- Through a live model, like a real person who performs a behavior.
- Through a verbal instruction: telling details and descriptions of a behavior.
- Symbolic method: fictional characters of a book or movie. A real person whose behavior is transmitted through the media counts here too.
Processes that mediate Social Learning
The Theory of Social Learning is often described as a “bridge” between traditional learning theory (e.g., behaviorism) and the cognitive approach. Bandura, unlike Skinner, always saw mental (cognitive) factors in learning as important. In fact, he defined “learners” as actively processing information and assessing the relationship between behavior and consequences.
Therefore, we should not fall into the error of thinking that people imitate everything they see, and that absolutely all children are going to carry out aggressive behavior just from seeing violent scenes at home or on television. There are thoughts before imitation. Additionally, there are mediators that will encourage the imitation or an alternative response.
Here are some of those mediators:
Our society is not entirely homogeneous. Rather, it consists of and also produces the most varied environments and scenarios. Some are more favorable, and others are more oppressive.
Let’s look at an example. Carlos is 11 years old and this year he has a new violin teacher. At the beginning he was fascinated by the instrument. He wanted to have one, to learn more. However, his father unconstructively and quickly got the idea out of his head. “That’s nonsense!” he yelled. Since then, Carlos stopped having an interest in the violin.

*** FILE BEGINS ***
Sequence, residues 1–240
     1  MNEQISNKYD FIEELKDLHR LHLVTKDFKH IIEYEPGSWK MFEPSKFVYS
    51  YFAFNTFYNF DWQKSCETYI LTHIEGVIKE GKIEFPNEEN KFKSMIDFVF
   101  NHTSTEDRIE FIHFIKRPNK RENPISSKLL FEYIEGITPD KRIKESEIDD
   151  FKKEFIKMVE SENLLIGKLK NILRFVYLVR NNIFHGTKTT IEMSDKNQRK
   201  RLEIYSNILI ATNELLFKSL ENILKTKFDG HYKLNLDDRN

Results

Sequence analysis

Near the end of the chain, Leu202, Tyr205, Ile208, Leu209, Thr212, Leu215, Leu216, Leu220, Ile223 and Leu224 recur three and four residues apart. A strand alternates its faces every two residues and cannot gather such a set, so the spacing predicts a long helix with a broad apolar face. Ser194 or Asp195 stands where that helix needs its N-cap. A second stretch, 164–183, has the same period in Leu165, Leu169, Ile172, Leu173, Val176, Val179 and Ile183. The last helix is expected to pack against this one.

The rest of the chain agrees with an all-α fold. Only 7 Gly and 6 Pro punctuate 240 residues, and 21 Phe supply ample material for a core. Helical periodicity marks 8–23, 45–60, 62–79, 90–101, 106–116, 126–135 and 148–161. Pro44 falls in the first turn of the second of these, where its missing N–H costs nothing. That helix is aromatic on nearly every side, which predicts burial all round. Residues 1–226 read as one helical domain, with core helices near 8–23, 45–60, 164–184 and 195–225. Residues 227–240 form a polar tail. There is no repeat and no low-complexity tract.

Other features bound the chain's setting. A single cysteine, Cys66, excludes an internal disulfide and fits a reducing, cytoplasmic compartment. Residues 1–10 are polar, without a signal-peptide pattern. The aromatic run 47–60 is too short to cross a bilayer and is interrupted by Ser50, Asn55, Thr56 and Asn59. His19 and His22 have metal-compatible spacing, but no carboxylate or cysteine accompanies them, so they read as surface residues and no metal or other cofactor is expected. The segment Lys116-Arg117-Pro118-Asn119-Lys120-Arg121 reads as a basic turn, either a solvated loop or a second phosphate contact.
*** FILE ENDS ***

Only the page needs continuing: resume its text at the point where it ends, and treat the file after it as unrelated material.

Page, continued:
For a behavior to be imitated it has to capture our attention, interest, and mirror neurons. Every day we all observe many behaviors. However, they are not all worthy of our interest.
Motivation is the motor, the will to perform a certain behavior that we see in others.
- Now, at this point we have to talk about vicarious learning. According to Bandura, just “observing” what others do isn’t enough. We also have to see what rewards or consequences others obtain for that behavior.
- If the perceived rewards outweigh the perceived costs (if any) then the observer will imitate it. On the other hand, if the vicarious reinforcement is not seen as important enough for the observer, then they will not imitate that behavior.
To conclude, the Social Learning Theory was one of the most interesting qualitative leaps in the field of psychology. In fact, we could still say that Albert Bandura, at 91, is one of the most valued and decorated personalities of the field.
Thanks to him we better understand how we acquire knowledge and generate certain behaviors. We see how the external — the social — is related to our internal processes — the cognitive — and how we also serve as a model for other people in our environment, many times without realizing it.
Bandura, Albert, (1987) “Social Learning Theory“, Espasa Libros
Bandura, Albert and Walters, Ruchards, (2004) “Social Learning and Personality Development“, Paidós.